7 tips for taking your child to the dentist
Taking your kids to the dentist doesn’t have to induce tantrums. Follow these tips to ease your family visit to the dental center and ensure that your children return home flashing their pearly whites:
Making dental care an important part of your child's upbringing will make visits to the dentist's office normal and routine instead of strange and surprising. Make that first appointment when your child gets his or her first tooth or turns one. Schedule regular dental visits every six months. When your three-year-old starts showing anxiety about the dentist, gently remind your child of past uneventful visits.
Choose your words carefully
You may lapse into describing a dental visit as an unpleasant obligation, but the words you use to explain the experience can either create or dispel anxiety for your child. Avoid using words like drill, hurt or needles. Keep the conversation positive and focused on the benefits of good dental health.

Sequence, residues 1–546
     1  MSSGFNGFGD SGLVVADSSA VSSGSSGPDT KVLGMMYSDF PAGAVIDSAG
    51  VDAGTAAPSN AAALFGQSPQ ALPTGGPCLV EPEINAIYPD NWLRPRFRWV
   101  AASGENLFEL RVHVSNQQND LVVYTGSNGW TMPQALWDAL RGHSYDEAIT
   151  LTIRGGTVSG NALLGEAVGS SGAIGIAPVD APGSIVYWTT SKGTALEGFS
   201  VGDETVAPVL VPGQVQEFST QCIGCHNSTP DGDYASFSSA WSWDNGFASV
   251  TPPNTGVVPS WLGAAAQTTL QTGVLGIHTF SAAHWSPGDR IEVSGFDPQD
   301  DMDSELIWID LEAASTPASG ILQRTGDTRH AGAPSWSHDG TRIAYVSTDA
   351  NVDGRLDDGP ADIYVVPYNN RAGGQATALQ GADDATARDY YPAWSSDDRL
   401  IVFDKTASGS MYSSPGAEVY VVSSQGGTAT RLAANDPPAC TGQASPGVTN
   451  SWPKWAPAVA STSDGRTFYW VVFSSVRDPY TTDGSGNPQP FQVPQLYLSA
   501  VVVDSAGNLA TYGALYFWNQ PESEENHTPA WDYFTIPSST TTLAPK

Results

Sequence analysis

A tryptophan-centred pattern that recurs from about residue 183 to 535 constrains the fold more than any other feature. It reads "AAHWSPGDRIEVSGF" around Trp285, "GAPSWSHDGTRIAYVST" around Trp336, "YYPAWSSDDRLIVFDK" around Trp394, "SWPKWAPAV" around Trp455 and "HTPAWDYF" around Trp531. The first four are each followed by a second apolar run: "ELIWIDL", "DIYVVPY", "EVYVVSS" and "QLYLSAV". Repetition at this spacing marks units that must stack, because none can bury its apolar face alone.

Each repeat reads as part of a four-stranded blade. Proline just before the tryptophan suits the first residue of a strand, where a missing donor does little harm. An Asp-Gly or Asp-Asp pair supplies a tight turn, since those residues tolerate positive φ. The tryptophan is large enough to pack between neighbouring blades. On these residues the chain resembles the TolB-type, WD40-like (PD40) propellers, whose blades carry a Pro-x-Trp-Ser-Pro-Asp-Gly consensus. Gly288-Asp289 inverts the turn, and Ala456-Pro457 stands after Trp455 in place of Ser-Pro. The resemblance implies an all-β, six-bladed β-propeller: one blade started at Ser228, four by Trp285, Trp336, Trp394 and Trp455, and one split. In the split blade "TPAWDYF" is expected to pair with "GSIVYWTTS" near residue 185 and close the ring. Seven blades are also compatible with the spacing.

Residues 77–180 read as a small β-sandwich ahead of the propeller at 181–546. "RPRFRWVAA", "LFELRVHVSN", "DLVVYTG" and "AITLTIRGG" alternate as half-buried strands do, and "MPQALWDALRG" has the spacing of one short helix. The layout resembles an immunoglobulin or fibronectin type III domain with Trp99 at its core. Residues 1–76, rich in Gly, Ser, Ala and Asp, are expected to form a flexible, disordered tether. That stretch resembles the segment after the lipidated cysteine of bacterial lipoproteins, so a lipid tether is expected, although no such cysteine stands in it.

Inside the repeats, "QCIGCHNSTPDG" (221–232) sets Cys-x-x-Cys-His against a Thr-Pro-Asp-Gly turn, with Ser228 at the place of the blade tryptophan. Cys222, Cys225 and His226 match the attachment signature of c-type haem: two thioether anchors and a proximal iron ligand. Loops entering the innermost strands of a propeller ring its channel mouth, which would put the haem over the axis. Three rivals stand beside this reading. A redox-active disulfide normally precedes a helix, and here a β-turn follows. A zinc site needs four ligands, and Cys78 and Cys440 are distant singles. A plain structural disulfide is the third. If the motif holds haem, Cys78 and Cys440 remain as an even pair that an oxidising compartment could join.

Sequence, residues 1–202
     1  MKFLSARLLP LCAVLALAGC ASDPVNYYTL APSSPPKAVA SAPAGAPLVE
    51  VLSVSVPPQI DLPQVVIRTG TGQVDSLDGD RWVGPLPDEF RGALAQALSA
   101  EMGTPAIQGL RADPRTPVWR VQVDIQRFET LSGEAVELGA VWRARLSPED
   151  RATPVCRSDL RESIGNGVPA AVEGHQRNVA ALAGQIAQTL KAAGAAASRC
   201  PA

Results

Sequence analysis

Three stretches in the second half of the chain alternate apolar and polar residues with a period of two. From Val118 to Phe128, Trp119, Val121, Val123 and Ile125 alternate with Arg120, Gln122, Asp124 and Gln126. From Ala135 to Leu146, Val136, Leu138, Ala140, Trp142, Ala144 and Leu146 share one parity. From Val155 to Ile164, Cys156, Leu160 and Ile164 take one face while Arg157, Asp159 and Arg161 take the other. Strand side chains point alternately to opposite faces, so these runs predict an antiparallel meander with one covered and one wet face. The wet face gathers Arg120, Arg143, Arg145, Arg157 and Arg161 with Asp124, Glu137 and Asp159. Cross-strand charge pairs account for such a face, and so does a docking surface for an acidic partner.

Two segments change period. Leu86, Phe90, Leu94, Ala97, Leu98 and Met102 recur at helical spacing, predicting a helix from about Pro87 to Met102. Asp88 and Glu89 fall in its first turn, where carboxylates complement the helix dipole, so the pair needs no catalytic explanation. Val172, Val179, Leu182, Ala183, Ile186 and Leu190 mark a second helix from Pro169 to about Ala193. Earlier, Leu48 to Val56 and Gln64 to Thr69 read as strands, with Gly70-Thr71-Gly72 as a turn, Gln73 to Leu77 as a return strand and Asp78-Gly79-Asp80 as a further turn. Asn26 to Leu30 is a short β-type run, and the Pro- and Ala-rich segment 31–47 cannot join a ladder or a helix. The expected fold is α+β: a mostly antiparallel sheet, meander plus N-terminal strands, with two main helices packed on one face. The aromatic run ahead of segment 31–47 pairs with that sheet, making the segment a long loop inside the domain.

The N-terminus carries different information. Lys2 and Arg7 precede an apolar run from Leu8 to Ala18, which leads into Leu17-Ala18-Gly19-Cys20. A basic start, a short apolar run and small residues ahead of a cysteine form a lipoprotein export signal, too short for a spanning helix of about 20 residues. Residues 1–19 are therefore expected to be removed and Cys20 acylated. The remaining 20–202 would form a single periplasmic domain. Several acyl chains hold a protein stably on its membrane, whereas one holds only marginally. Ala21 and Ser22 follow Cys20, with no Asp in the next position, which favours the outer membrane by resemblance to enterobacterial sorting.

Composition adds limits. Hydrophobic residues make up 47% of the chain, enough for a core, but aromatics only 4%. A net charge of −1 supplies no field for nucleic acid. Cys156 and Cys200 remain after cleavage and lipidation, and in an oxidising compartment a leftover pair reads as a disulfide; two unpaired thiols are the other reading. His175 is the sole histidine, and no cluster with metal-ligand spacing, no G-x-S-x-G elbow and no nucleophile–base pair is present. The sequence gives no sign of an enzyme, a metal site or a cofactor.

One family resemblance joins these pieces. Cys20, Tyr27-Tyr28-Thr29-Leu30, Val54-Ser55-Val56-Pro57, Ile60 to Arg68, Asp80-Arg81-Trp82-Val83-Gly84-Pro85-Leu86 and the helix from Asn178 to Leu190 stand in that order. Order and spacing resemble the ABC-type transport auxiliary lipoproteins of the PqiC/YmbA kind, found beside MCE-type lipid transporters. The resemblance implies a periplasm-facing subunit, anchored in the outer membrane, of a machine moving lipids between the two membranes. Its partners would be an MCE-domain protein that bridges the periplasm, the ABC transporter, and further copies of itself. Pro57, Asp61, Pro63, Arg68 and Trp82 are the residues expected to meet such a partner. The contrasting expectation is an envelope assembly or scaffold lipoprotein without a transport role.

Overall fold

Lead by example
Show your children that going to the dentist is no big deal. Invite them to watch as you stay calm and relaxed during your next routine cleaning, or recount your last visit in positive terms. When your children see you going to the dentist every six months and coming home happy, they'll follow your lead.
Choose a kid-friendly dental center
Not all dentists are skilled at treating children. Before you make an appointment, research the center's experience working with children from reviews on Angie's List. The center's dentist should be friendly, patient and compassionate with children, and the dentist should be able to explain dental concepts in a kid-appropriate way. The right dentist will put your child at ease from start to finish.
Make introductions early
Many children are afraid of strangers, and to them the dentist can be an unknown person armed with drills and needles. Call the dental office a few days before your appointment and ask if your child can meet with the dentist early. Explaining that the dentist is a friend and arranging for quick introductions can make your child more comfortable when the appointment comes.
Never trick your child into going to the dentist, and never lie about procedures or pain. If your kid needs a root canal and you say it won't hurt, that child will be even more terrified when he or she discovers that it does. If you can't answer a question, don't guess: tell your child to ask the dentist.
Teach good hygiene at home
Instilling good dental hygiene habits means fewer additional visits to the dentist for your child in the future. Make hygiene fun by brushing to music, using disclosing tablets in a family contest to see who has the least amount of plaque or letting your children choose their toothbrushes in their favorite color.